Jane Austen Book Raffle

March 6, 2011 at 11:00 am (books, jasna, research) (, , , , , , , , , , , , , , , , , , , , , )

Time to post a bit of a *PLUG* for the giveaway:

One lucky winner will be gifted with this SIGNED copy of the delightful Life in the Country. Let’s take a quick look inside!

A little history, as my Emma would say, of the book:

This copy came direct from the U.K. (purchased by a friend). I brought it with me to the 2009 JASNA AGM in Philadelphia. Joan Ray, who spoke in Vermont in September of that year, had already signed the book. In Philadelphia, I tracked down Maggie Lane after her AGM presentation (I also wanted to see if she had heard of the Goslings, as a banking firm; unfortunately, she was unfamiliar with them). Freydis Welland, who is the daughther of Joan Austen-Leigh, I sought out because I wanted to meet her — she’s my Emma’s family, after all! Freydis and her sister were most kind in their remarks about my research, and Freydis consented to sign the copy of this book. Thus, only Eileen Sutherland is missing in this line-up.

The essays, like the one pictured — “Jane Austen and her Family” (Maggie Lane’s contribution) — make for a nice read. The bulk of the book are made up of wonderful silhouettes cut by my James Edward Austen Leigh!

My online review of the book has this to say about Life in the Country: “Most reviews of Life in the Country focus on its Jane Austen connection; while her name will create media coverage and open consumer wallets, it is the silhouettes themselves that will keep this book at hand. Although noted a bit late, there is acknowledgement at the back that virtually all the silhouettes are presented in their original size. The level of intricacy, especially in the more complicated scenery pieces, is astounding and the skill necessary to have produced them freehand is truly amazing.”

To read the entire review, see Jane Austen in Vermont (the JASNA-Vermont blog): http://janeausteninvermont.wordpress.com/2008/12/03/life-in-the-country-a-review/

The Jane Austen Raffle is simple and costs only $1:

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Book Raffle: Life in the Country (autographed)

February 2, 2011 at 1:35 am (books, news, research) (, , , , , , , , , , , , , , , , )

To Celebrate the birthdays of
Mary Gosling and Charles Joshua Smith,
Two Teens in the Time of Austen
announces its first book raffle.
The gift that’s up for grabs?
An autographed copy of the British Library edition of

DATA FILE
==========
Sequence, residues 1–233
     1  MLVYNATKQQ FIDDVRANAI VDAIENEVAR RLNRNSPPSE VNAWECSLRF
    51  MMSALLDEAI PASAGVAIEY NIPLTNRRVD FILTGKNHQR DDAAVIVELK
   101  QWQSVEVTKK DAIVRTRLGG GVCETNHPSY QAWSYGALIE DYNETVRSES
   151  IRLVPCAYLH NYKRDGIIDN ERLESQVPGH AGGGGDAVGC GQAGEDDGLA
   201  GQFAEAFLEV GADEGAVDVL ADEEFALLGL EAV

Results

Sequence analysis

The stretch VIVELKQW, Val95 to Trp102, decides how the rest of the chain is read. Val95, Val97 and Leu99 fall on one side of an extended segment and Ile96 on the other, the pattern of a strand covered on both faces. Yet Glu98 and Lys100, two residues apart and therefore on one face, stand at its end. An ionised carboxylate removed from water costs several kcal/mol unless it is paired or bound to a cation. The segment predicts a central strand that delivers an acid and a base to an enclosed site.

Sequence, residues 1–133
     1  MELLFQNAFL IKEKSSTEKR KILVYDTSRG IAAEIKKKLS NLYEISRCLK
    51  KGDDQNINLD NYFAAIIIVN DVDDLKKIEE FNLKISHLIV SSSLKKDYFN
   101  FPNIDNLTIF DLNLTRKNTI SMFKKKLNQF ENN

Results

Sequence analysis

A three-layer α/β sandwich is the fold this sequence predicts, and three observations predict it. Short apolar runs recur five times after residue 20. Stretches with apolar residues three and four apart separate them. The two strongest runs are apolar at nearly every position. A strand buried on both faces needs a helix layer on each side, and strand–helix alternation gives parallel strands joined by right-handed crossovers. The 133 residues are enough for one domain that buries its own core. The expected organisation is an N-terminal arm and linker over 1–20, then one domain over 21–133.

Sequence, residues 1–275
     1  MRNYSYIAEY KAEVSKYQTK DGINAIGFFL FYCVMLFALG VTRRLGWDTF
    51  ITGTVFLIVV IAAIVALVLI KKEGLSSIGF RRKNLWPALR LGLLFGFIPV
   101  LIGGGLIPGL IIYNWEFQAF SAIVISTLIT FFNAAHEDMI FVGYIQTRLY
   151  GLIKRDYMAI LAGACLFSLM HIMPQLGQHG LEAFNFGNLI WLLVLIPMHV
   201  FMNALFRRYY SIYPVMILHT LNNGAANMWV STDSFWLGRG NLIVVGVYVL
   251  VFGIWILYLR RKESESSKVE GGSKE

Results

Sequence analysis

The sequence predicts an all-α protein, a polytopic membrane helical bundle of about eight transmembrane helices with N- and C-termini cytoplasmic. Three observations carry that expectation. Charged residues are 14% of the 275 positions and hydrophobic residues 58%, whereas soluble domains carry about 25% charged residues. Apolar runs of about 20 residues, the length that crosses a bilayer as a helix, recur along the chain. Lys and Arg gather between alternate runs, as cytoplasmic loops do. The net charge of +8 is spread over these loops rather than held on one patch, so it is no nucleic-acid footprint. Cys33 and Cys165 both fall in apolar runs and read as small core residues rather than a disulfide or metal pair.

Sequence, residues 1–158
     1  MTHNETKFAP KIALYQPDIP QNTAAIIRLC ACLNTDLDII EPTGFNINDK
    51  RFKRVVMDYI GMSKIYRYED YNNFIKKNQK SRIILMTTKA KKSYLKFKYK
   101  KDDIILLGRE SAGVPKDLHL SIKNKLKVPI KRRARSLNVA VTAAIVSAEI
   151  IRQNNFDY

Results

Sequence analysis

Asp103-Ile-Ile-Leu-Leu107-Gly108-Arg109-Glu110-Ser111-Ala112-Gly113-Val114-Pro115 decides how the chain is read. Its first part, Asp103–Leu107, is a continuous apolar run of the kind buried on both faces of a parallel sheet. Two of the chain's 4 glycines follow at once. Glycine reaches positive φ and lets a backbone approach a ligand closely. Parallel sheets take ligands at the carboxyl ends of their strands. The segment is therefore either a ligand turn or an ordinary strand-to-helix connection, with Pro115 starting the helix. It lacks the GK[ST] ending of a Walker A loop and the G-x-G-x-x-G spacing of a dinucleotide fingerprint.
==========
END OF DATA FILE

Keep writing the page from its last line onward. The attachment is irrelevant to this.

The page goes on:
Life in the Country: with Quotations by Jane Austen
& Silhouettes by her nephew
James Edward Austen Leigh

**This copy is signed by Joan Klingel Ray, Maggie Lane and Freydis Jane Welland**

**This copy is signed by Joan Klingel Ray, Maggie Lane and Freydis Jane Welland**

Edited by Freydis Jane Welland and Eileen Sutherland, book contents include:

“Jane Austen and Her Family”
Maggie Lane

“The Silhouette Art of James Edward Austen Leigh”
Joan Klingel Ray

Silhouettes
James Edward Austen Leigh

Quotations
Jane Austen

 with an afterword by Joan Austen Leigh

— To enter —

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Freydis’ Family??

February 16, 2009 at 10:10 pm (portraits and paintings) (, , , , )

austen-desk-diary1Freydis Welland, daughter of Joan Austen-Leigh, published silhouettes cut by James-Edward Austen-Leigh in the book Life in the Country. Now comes some Austen journals, diaries from The British Library – but WHO are the silhouettes found on the covers???

Set for publication in mid-2009, guess we’ll have to wait and see.

The woman does not match that of Emma Austen-Leigh, for Joan included a silhouette described as Emma’s in her Persuasions article “My Aunt, Jane Austen” (nabbed from that site, it’s posted below).

I have always known I would have to contact the family — seeing Edward’s drawing of Stoneleigh Abbey, which was done during his 1833 tour taken with Emma and her family (the basis for my article in the upcoming issue of Persuasions [July 2009: this article is available online at JASNA.org]) included in Life in the Country, convinced me yet again of that task this past fall. But seeing these silhouettes!

emma-smith_silhouette1Once the camera came into being, there would have been little need to create silhouettes, so surely Edward and his sisters-in-law practiced making shades of family and friends during the 1820s and 30s, when all the siblings were together and the children were young.

And if the silhouettes are identified….Oh, happy day indeed!!

It is difficult not to wonder, Could the above show Fanny Seymour? Why her?? — There is something reminiscent of a portrait of her by Augusta, which I found in the collections at HRO in Winchester.

The man doesn’t look like a Smith — they all seem to have had quite prominent noses!

 

 (“Emma Smith,” from Joan Austen-Leigh’s Persuasions article)

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